We hope to run design challenges for most of our projects.  We love the interaction with the public and we love seeing what people can do.  So hopefully this leads to bigger and bigger design challenges.  We also need to test out the steps in printing actual houses.   We have a roadmap of challenges which will test out every stage in printing actual houses.

On 3D Printing: What do you hope to see in the competition?

Brian Korsedal: Ha ha, good question.  We hope to be surprised.   We hope to see things that we never thought about.  This is the first public test of our system so I’m sure there will be a lot of new discoveries in design techniques.  We’ve built 6 structures so far and we’ve developed a lot of techniques on how to design interesting structures, but we’re just two designers.  We want to see what the world thinks up.

On 3D Printing: How will you 3D print the winning submission, considering it will be quite large?

Brian Korsedal: Our printing process is a bit unconventional.  We’re practical futurists and we have to design within the limits of today’s technology.  So we start with the best building material, steel.  Steel is way better than concrete.  It’s has an great strength to weight ratio.  It’s recyclable.  It’s cheap.  Most other people are working with concrete and that kinda freaks us out.  It’s just an accident waiting to happen.  Imagine an unreinforced concrete structure in an earthquake?  It’s very dangerous.  Our structures are strong enough we can roll them around our yard and they retain their shape.  The strength to weight ratio of our structures is phenomenal and they are low cost.

We manufacture our structures from steel tubes.  We’ve invented a brand new process unlike anything else out there.  We built software which auto-designs steel space frames which conform to a surface.  Whatever surface you put into the software, it generates a frame to match that surface.  Most people are confused why we call it 3D printing, but we firmly believe we’ve captured the essence of what a 3D printer is.  To most people a 3D printer is a device you can put a digital design into and it just makes it.  We satisfy that definition with today’s technology.

The assembly is very interesting too.  We took an approach that works kinda like computer programming of humans.  Our software generates stickers with all the assembly instructions embedded in the stickers using a code.  We put these stickers on the bars and the bars become the instructions.  It’s designed so structures can be built in parallel by large groups of people.  Imagine the people are an old punch card computer and the bars are the punch cards.  The punch cards contain the program specifying the assembly and the humans run that program to put things together.  We can teach people the code in about 10 minutes and it’s so easy kids can assemble it.  We have build parties.  It’s like a techno version of a barn raising!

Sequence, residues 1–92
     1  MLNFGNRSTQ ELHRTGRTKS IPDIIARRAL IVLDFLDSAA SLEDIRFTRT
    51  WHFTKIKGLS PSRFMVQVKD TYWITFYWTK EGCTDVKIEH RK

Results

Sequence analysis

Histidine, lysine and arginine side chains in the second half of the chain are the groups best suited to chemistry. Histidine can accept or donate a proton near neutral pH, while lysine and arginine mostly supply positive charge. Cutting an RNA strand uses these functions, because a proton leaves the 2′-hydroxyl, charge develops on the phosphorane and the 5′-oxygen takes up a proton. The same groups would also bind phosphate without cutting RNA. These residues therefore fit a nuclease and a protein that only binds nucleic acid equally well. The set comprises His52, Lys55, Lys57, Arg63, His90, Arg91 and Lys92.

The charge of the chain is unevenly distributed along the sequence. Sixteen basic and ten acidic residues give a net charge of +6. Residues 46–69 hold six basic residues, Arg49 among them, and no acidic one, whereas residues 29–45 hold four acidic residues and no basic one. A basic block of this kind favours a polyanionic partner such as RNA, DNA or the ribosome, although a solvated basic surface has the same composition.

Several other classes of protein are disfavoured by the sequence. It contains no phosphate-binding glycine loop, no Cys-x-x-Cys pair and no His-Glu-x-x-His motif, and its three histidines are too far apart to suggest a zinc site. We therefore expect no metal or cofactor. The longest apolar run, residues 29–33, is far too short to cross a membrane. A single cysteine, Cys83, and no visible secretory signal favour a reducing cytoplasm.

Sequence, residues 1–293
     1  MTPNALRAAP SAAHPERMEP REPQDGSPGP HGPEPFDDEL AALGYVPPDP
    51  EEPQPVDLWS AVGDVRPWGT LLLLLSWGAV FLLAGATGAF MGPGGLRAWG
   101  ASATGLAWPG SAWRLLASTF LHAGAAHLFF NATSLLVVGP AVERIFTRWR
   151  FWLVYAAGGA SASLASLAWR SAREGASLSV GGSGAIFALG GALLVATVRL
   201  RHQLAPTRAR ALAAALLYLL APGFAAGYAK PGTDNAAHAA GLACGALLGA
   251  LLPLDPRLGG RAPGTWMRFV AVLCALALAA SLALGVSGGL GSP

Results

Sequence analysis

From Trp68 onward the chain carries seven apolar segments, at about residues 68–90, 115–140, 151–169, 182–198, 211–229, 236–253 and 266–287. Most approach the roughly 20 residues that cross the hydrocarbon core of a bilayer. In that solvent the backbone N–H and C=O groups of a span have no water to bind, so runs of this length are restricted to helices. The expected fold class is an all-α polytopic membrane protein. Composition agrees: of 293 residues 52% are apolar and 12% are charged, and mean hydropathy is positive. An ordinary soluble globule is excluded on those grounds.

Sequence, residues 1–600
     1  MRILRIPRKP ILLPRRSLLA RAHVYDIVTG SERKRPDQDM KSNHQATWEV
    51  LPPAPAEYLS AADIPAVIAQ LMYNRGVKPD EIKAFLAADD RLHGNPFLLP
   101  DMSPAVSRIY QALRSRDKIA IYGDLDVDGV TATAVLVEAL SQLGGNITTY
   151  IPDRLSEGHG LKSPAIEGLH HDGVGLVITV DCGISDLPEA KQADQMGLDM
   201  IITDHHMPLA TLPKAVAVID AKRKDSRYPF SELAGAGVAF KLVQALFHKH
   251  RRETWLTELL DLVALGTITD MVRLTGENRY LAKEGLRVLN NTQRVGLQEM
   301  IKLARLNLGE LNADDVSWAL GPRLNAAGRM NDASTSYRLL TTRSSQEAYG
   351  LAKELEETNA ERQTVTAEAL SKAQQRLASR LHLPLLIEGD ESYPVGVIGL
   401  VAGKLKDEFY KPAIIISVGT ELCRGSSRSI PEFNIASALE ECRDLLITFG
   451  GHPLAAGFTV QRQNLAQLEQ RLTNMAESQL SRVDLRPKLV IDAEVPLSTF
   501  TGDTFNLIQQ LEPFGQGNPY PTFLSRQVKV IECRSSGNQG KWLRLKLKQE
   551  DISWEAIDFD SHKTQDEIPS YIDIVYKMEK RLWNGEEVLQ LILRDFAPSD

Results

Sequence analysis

We’ve done things this way because we want it to be affordable.  We will be half the price of regular housing or less.  It’s a revolutionary breakthrough in design and manufacturing of structures.  A democratization of building and we can do it NOW!

Here is a photo gallery of some of the work by Arcology Now!

Only 3 Days Left to Enter CGTrader’s 3D Printing Competition

CGTrader 3D Printing Competition

Competition Ends June 30 – Win an Ultimaker 3D Printer from CGTrader

As we reported in may, 3D model marketplace CGTrader is hosting a 3D printing competition, looking for innovative 3D printable models. Winning submissions will receive great prizes, including two Ultimaker 3D printers, 3D prints, gift cards from Sculpteo, Filaco, Stash, as well as an opportunity to sell designs in 3D printing store iMakr in London

In order to participate, designers need to create 3D printable models in .STL format and upload them for sale or download to CGTrader. Further information on the competition is available here: http://www.cgtrader.com/challenges-and-competitions/3d-printing-competition-2013.

The competition ends June 30, so submit your designs in the next 3 days!

Want to learn more? Read our full interview with the CGTrader team published in May 2013.